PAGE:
The overarching macro trend is for using data in more intelligent ways to generate valuable outcomes, and all this data-driven activity requires better solutions for cooling. Fortunately, liquid cooling is better at removing and recovering the heat (warmed liquids, for example, can be piped elsewhere and deployed to achieve other purposes, such as site heating). 

Solving 'big data' for the emerging edge

A myriad of applications are also getting closer to the edge of the network. Software is deployed alongside smart Internet of Things (IoT) sensors that collect or process data in situ, for instance to support process automation. Edge computing means a growing need to handle, manipulate, communicate, store and retrieve data quickly, efficiently and cost-effectively, whenever required.

Organisations can no longer afford to rely completely on centralised data centres and their related latencies; it has become critical to be able to analyse and manipulate data in near real-time to be assured of improved outcomes.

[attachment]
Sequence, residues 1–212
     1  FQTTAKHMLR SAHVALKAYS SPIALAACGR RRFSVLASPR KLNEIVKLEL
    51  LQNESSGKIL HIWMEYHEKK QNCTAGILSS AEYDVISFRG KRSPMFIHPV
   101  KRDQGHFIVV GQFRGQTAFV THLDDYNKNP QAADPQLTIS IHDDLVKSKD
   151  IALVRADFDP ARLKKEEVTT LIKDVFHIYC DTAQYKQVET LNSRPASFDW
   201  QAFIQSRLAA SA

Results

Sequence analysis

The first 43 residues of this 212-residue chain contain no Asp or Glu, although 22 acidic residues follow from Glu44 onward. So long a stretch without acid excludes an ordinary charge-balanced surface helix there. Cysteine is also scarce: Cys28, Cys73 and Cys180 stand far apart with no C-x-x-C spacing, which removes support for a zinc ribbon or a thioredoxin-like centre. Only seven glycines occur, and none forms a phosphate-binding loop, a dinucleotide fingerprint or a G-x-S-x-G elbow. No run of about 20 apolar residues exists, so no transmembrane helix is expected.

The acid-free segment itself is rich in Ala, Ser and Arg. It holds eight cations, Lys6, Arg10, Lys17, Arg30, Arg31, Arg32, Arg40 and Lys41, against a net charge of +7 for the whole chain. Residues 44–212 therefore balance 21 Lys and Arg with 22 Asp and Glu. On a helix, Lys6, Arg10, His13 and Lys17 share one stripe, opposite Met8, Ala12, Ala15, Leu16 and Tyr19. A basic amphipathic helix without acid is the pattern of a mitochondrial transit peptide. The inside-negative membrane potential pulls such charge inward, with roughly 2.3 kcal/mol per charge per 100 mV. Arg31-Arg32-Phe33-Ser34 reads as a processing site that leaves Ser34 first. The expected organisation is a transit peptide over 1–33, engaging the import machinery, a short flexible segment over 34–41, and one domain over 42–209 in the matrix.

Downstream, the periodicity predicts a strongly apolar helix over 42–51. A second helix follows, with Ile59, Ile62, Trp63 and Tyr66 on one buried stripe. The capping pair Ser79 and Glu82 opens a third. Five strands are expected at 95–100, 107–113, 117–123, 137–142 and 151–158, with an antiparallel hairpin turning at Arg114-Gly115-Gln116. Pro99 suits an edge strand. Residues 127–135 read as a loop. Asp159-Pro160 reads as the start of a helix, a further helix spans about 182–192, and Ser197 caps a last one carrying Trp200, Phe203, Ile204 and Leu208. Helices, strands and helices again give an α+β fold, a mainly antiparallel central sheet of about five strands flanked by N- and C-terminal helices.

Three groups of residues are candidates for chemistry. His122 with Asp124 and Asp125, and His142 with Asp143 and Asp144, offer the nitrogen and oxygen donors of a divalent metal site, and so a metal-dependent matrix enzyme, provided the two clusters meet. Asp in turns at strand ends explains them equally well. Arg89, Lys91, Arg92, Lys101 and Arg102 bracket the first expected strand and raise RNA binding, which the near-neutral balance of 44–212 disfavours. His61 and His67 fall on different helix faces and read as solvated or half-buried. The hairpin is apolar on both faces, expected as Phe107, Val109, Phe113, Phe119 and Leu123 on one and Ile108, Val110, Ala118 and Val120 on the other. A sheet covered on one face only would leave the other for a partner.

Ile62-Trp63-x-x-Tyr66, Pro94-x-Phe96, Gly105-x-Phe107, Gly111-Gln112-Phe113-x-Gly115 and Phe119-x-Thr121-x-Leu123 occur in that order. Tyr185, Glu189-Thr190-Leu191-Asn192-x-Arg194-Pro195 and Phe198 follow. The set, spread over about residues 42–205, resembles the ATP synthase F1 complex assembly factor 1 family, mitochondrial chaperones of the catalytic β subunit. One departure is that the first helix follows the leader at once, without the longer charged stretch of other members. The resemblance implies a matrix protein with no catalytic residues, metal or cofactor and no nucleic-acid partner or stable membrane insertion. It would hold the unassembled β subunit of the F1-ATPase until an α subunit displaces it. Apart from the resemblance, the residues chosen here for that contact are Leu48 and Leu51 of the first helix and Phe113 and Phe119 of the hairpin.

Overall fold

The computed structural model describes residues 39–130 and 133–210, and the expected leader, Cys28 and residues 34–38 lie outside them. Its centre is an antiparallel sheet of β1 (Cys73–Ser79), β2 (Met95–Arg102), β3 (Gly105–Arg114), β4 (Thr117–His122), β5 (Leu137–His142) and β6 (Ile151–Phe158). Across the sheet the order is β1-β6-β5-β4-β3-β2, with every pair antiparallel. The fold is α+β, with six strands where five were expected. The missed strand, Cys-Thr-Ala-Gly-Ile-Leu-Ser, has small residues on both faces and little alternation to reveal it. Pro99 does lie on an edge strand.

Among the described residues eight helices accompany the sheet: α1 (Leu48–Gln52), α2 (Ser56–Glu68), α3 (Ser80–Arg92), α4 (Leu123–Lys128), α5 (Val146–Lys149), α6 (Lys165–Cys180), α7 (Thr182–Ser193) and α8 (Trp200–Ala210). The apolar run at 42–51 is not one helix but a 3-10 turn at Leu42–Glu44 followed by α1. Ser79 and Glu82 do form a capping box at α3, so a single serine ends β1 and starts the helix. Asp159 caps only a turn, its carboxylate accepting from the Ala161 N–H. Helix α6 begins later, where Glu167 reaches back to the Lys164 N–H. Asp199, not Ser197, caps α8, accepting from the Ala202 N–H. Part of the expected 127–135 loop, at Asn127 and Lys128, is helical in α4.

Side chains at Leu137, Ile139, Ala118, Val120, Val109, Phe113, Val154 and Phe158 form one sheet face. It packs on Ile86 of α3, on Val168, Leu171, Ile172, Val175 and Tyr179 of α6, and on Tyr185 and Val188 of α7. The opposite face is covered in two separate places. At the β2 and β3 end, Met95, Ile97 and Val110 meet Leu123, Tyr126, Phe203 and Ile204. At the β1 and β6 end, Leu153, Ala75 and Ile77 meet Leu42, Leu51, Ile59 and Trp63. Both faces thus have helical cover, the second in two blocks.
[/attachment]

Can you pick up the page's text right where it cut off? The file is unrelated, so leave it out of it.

Gartner has projected that by 2025, most cloud service platforms will provide at least some distributed cloud services that execute at the point of need. Distributed cloud can replace private cloud and provides edge cloud and other new use cases for cloud computing. In 2018, perhaps 10% of enterprise-generated data was processed outside a centralised datacentre or cloud, with the share expected to potentially reach 75% by 2025.

So, the stage has been set. It's clear that worlds are colliding in a race for high performance computing that can meet the needs of disruptive data-hungry applications. Everyone wants these benefits; it doesn't matter whether you're an enterprise or a hyperscaler, a financial services provider or a hospital. 

Data centre professionals might argue that this sort of technology doesn't belong at the edge - that the risks are just too great because you need environmental and climate control, and you need skilled staff on hand to guarantee that resiliency and uptime around the clock. That's where offerings like chassis-level liquid cooling platform can provide a secure, high performance, and environmentally sealed solution, which can be monitored and managed remotely to help mitigate risks even at the perimeter.

Managing risk trajectories for the future of colocation data centres

Legacy data centres looking into digital transformation stand to gain, too, because chassis-level liquid cooling can mitigate challenges around serviceability, density and restricted floor space. Colocation service providers looking to serve a wider range of customers and future-proof their offerings will similarly stand to gain.